Unfiltered is a series we showcase in our print mags each month where Brisbane readers share their stories about the good, the complicated and everything in between. This month, we discuss: public vs. private school.

THE GRASS MIGHT BE GREENER

I went to a private school for all 12 years of my schooling. There is no doubt it was a fantastic experience and I’ll be forever thankful to my parents for sacrificing huge amounts of money to get me there and making sure I was graced with opportunities at every turn. I definitely think private school has advantages, whether or not the money spent to get your child into one is worth the advantages or not, is definitely subjective. My parents always stressed that YES, going to a private school is supposed to grace you with opportunities and a fantastic education (that you might not otherwise get in the public system), and I believe that to a degree, but it is most importantly about the connections you make during your time at school because after all it’s about WHO you know, not WHAT you know.

Ultimately, sometimes I wish I had gone to a public school. I guess I traded the lack of public-school experiences by submersing myself into skateboarding where people from all walks of life participate. Sure, the quality of the education might be better, but it still doesn’t make you better than someone who came from public school. 

THE SET IN STONE

As a private schooler myself, the whole public-school concept seems really daunting and foreign to me. Call me naïve but the idea of co-ed will never sit well with me! I’m really thankful that we are lucky in Australia to have a fair Government that gives everyone an equal opportunity to education and I’m also very respectful that some people may not have a choice between private and public.  My concern is the stigma around ‘dole bludgers’ and people who wrought the system by sending their children to public schools. If I did have a choice, I certainly wouldn’t be exposing my children to an environment like that. As controversial as it may be, I truly believe that sending your child to a private school is giving them a step forward in the door of life.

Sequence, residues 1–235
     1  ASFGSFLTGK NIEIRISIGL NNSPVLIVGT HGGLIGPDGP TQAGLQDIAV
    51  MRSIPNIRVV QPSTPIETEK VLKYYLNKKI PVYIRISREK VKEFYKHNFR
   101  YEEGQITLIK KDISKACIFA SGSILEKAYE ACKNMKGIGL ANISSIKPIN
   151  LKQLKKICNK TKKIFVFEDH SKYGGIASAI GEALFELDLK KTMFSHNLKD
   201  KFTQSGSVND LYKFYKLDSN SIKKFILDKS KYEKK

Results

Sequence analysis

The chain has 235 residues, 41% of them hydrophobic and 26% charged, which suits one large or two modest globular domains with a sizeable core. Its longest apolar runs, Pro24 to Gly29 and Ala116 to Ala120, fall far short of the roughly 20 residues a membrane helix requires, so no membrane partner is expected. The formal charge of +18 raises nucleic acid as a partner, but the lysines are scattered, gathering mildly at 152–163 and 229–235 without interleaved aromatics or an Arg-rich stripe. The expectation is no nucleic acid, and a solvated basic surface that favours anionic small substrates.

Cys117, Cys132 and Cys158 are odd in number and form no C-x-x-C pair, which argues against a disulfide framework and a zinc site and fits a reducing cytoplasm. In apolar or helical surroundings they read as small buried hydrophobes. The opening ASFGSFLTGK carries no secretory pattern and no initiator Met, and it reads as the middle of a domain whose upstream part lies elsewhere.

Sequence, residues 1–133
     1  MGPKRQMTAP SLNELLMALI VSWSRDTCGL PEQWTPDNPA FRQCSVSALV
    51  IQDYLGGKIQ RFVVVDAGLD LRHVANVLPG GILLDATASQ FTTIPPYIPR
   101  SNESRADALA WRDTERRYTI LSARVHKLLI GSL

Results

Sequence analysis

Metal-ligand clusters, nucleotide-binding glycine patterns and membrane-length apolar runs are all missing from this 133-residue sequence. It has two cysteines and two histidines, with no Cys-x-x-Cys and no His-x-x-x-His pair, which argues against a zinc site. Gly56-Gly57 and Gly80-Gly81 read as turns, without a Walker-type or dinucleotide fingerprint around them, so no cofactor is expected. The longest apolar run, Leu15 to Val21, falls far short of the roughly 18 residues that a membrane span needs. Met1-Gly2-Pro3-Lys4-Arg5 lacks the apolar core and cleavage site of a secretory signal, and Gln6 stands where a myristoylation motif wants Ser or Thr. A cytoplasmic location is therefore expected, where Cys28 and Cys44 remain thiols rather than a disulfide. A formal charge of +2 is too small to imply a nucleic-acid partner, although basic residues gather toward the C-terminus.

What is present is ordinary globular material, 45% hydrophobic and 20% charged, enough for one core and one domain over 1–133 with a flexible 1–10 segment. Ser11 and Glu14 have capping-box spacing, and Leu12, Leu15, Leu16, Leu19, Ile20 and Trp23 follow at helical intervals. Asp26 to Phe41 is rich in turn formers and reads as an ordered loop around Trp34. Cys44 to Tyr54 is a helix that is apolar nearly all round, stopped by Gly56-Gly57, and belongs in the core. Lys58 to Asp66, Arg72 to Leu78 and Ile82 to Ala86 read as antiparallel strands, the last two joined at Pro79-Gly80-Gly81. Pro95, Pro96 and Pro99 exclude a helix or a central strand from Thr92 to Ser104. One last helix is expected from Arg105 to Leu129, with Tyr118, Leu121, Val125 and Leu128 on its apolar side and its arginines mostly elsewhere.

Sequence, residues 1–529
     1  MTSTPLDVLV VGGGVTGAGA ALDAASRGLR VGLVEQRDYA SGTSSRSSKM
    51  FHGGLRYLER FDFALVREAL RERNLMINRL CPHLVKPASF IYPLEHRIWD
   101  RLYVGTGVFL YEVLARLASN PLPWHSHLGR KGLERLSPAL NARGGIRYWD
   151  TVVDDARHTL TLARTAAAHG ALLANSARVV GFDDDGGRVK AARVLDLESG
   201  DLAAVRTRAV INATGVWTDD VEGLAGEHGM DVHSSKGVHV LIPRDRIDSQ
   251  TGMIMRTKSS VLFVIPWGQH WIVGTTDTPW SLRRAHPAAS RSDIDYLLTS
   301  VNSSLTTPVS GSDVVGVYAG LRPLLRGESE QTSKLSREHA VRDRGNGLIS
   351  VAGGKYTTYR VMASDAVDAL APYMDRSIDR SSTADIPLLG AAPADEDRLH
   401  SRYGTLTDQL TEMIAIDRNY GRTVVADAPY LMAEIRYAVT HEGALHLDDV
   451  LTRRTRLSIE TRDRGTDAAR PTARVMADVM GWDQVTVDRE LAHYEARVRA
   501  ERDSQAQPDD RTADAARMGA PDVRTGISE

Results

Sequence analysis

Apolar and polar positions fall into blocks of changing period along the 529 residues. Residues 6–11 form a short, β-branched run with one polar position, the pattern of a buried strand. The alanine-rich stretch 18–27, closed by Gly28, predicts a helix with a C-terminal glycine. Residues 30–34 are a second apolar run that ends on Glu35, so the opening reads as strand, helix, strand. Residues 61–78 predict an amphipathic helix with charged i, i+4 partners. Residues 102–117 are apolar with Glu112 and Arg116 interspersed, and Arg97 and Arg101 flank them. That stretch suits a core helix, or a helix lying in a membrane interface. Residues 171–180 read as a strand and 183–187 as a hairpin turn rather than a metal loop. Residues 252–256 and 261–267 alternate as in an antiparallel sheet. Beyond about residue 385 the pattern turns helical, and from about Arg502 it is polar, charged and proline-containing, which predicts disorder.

THE PROGRESSIVE

I went to an elite inner-city Brisbane private girls school from year 1 right ‘til year 12. I had an ok experience, but I didn’t necessarily fit in. The education and opportunities were good, but I felt that they only catered for one type of learner and the curriculum needed serious updating. Based on this experience, my preference would be to send my children to a Montessori or a Steiner School in primary and then a State High School for secondary school as I think this would nurture their intellect more and they would therefore be more socially balanced.

THE UNDERSTANDING

I went to both a public co-ed high school (grade 8 & 9) and then a private girl’s school (grade 10-12).
I was a bit wayward in my earlier years and would’ve probably finished school after grade 10 (like my older sister did) had we not moved across town and my parents decided on a private school for both me and my younger sister and brother.  As it turned out, my grades improved at the private school and I had a very fulfilling time in my last years of high school, quite happy to continue on to senior. 

When my son got to high school age, I wanted him to have a similar experience at a private school so enrolled him in an all boy’s school – which he absolutely detested and was suspended several times over the two years he was there. Finally, I enrolled him in the same public co-ed high school where his grades improved and he became a much happier teenager – which in turn, made me a happier parent!

The bottom line is, it doesn’t really matter the type of school you go to, it’s all about the child and the environment they’re exposed to.  The most important thing is that the student and parents are both happy with whatever choice is made – if the student is happy, they thrive and grow no matter what school they go to.

Got a topic you’d like us to talk about? Email Courtney at courtney@stylemagazines.com.au

Or, have a read of our previous Unfiltered stories:
Unfiltered: Relationships
Unfiltered: Anxiety and mental health
Unfiltered: Contraception